How Pick Bias Is Affecting Projections for Kevin Love and Andrew Wiggins

In order for Wiggins to be as good as Kevin Love, he'll have to be an all-time great and beat the odds.

Analysts are all over the place on the argument of whether the Cavs should invest in Andrew Wiggins or Kevin Love. The pro-Love side shouts to his numbers last year and how Wiggins hasn't even played a single game in the NBA yet. The pro-Wiggins side points at Love's lack of playoff appearances and padded stats on mediocre Timberwolves squads.

In order to make this decision, we need to have as accurate of a projection for Andrew Wiggins as possible. Obviously projections aren't perfect and at this point, there is still a wide range of potential outcomes for the young wing's career.

But here is a question that this article will seek to tackle: How good does Wiggins have to become to be as good as Kevin Love is right now?

When you look at it this way, it's a little bit easier to carve out a projection. We aren't comparing Wiggins to the entire history of the league; now, we're just comparing him to one single player as he currently stands.

So let's look at the history of number one draft picks to see how they compare to Kevin Love, and perhaps we can start to hone in on where Andrew Wiggins fits in the picture. The following table shows the number one picks from 1985 to 2009 (I stopped there to make sure we have at least five seasons of data).

Last year, Kevin Love accumulated 14.3 win shares. The third column here - "1st Y > 14 WS" - shows us when these first picks first hit that 14 win share mark, if ever. The next column shows how many 14 win share seasons that player had over their career. Finally, the last column shows the player's highest win share season and the age in which it happened.

YearPlayer1st Y > 14 WS# Seasons > 14 WSHighest WS (Age)
1985Patrick EwingNever013.5 (27)
1986Brad DaughertyNever012.7 (27)
1987David Robinson1520.0 (28)
1988Danny ManningNever09.8 (25)
1989Pervis EllisonNever06.9 (24)
1990Derrick ColemanNever09.9 (26)
1991Larry JohnsonNever010.1 (26)
1992Shaquille O'Neal2418.6 (27)
1993Chris WebberNever011.0 (27)
1994Glenn RobinsonNever06.7 (28)
1995Joe SmithNever06.8 (20)
1996Allen IversonNever011.8 (25)
1997Tim Duncan5217.8 (25)
1998Michael OlowokandiNever01.6 (26)
1999Elton Brand7114.8 (26)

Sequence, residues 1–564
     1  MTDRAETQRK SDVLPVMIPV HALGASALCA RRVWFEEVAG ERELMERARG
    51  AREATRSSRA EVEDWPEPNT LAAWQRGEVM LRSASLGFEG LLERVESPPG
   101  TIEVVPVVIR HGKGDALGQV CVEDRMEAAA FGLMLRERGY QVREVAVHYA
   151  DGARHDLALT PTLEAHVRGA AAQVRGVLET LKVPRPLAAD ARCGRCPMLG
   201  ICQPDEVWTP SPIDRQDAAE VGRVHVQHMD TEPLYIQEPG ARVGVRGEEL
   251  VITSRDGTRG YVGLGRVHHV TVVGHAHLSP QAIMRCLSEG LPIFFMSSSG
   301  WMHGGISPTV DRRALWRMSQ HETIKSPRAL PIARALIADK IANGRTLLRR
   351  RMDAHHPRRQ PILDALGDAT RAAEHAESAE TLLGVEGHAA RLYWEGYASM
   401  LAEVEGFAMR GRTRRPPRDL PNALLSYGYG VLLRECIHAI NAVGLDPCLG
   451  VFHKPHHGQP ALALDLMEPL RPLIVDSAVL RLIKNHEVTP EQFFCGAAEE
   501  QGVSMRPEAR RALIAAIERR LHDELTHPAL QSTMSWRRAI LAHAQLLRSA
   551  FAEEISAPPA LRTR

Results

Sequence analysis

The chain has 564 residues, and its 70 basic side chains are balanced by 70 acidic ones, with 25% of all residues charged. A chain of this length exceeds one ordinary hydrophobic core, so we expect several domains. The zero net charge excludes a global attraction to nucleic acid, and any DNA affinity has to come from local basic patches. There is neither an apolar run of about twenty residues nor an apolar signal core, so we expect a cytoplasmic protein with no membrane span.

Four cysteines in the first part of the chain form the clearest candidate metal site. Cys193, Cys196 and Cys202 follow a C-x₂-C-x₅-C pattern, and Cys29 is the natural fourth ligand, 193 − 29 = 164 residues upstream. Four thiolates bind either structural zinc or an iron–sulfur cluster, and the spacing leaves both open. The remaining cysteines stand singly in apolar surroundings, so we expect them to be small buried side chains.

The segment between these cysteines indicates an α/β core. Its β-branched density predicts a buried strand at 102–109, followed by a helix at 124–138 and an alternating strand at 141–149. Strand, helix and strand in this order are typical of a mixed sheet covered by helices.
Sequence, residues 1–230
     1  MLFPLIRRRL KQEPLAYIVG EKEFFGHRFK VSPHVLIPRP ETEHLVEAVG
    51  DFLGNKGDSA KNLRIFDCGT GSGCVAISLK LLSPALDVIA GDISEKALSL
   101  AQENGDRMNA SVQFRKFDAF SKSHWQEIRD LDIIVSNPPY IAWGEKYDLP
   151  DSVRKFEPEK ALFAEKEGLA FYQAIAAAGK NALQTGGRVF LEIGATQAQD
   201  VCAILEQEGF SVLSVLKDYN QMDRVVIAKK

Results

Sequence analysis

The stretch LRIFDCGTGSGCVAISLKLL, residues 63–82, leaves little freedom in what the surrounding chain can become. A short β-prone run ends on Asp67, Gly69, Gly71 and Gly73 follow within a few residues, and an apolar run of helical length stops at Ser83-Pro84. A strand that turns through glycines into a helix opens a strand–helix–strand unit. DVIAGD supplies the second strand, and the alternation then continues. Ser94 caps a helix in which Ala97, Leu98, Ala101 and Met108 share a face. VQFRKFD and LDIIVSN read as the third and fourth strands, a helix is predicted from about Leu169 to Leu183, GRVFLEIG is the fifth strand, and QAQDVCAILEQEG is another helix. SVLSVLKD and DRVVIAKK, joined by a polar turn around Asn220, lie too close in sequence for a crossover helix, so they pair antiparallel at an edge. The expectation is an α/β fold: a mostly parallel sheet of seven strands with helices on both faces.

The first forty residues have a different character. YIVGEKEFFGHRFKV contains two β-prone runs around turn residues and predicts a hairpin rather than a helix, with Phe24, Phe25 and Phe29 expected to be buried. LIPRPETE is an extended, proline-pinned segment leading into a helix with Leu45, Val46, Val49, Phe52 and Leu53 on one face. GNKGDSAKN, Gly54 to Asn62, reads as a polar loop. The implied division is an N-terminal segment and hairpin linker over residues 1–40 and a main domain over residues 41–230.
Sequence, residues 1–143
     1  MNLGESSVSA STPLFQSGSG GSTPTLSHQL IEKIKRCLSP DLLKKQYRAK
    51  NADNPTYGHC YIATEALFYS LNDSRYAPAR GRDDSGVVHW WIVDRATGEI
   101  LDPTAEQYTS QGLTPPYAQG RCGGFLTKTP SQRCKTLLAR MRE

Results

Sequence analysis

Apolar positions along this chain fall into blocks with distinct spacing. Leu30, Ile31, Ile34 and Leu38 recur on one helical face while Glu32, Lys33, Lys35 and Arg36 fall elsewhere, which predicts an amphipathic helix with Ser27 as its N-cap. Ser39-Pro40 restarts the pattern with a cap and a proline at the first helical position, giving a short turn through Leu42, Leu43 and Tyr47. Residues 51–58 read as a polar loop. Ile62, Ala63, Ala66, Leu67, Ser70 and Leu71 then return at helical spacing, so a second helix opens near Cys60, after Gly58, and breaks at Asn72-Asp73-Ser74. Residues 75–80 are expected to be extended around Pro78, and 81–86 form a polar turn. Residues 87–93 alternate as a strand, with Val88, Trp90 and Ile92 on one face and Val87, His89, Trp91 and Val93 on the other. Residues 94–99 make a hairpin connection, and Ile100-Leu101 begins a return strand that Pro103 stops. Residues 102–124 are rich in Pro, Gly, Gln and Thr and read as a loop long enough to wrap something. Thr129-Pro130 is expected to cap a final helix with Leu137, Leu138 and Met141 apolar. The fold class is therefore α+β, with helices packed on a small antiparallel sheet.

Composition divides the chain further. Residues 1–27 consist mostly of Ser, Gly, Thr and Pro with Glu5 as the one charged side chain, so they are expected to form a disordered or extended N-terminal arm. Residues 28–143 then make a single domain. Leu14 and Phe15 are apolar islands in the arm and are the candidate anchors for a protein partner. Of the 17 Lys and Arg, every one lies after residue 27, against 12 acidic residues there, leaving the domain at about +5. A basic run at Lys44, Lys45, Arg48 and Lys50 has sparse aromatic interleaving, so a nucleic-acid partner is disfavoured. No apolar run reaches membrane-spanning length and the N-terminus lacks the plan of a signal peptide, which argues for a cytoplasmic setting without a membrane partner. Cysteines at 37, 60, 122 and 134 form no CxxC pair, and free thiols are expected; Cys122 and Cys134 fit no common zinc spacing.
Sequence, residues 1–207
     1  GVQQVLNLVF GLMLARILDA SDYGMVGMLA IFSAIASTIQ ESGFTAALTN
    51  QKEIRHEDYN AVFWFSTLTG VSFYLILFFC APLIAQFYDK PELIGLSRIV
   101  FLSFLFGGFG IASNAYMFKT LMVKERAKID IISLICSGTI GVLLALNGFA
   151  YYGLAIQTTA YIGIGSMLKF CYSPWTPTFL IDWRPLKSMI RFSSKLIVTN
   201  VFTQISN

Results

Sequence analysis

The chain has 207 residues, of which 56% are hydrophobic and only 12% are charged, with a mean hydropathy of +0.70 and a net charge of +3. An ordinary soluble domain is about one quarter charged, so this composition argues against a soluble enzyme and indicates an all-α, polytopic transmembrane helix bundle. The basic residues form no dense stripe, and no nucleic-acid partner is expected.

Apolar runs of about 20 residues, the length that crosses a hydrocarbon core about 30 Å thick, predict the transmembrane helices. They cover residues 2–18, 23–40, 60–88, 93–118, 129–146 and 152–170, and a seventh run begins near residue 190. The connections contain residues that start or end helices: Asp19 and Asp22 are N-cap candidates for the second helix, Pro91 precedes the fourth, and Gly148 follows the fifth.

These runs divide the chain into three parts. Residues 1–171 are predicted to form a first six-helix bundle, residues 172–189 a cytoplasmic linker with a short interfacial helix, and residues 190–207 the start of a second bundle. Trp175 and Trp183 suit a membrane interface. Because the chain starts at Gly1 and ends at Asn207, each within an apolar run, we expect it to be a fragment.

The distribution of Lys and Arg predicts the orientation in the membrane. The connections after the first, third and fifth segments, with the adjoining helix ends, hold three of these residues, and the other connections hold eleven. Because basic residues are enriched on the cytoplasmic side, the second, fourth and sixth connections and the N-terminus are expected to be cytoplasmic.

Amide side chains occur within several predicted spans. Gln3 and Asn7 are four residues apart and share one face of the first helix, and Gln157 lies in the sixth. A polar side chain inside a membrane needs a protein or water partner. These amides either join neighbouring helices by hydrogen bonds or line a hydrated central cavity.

2000Kenyon MartinNever07.1 (25)
2001Kwame BrownNever04.9 (21)
2002Yao MingNever011.4 (23)
2003LeBron James2920.3 (24)
2004Dwight Howard7114.4 (25)
2005Andrew BogutNever07.5 (25)
2006Andrea BargnaniNever04.2 (24)
2007Greg OdenNever04.6 (21)
2008Derrick RoseNever013.1 (22)
2009Blake GriffinNever012.2 (24)
Avg0.8810.9 (24.8)

Pick Bias

Out of the 24 first picks listed above, only six of them had a season comparable to the one Kevin Love had last year.

And this seemingly brings out an issue in how we evaluate players: pick bias.

There's a bigger percentage of a player's perceived value tied up in where they were selected in the NBA Draft than how they actually perform. For example, last year Kyrie Irving was statistically inferior to Isaiah Thomas. However, Kyrie was a number one pick, and Isaiah was picked 60th, the last pick of the draft. Despite what the on-court numbers were, Kyrie got a max extension this summer, while Thomas couldn't even get the Kings to match the Suns offer for $7 million, roughly one-third of what Kyrie got on the open market.

Because Andrew Wiggins was selected first overall, his perceived value is much higher than his actual projected value. Let's say the Cavs had gotten the 12th pick in the draft and for some reason Wiggins fell to them. Would the Cavs be more willing to trade him? Of course they would.

Wiggins didn't suddenly get better or worse by being selected in a certain position, so if his on-court projection is the same, why would the Cavs think differently about him? Pick bias.

Love's Resume

There are some great players listed in that table above that never had a season as good as Kevin Love's season last year. Patrick Ewing is a Hall of Famer, and he never cracked the 14 win share plateau. Allen Iverson, Larry Johnson, and Chris Webber never even really got close.

So here's how we can try to think about Andrew Wiggins. Putting bias aside and making it not exclusively Wiggins versus Love, we can now say it's Wiggins versus Ewing, or Wiggins versus Iverson, or Wiggins versus Webber. Can he be better than all those players? Love just did it last season.

Love is also right at the beginning of his basketball prime. The average best year for the players above is about 25 years old, which is Love's age. A basketball aging curve also puts the average player's prime at 27 years old. This is a window of a special player that the Cavs could get to maximize the rest of LeBron's prime years.

Wiggins could very well end up a fantastic player in the NBA, and it may even be sooner than most analysts project. However, the Cavs should know that Wiggins, in order to match Love's production from last season, would have to be all-time great and do something that only a few number-one picks have done historically.

Could he do it? Sure. Would I rather bet on a guy who did it as recently as last year? Absolutely.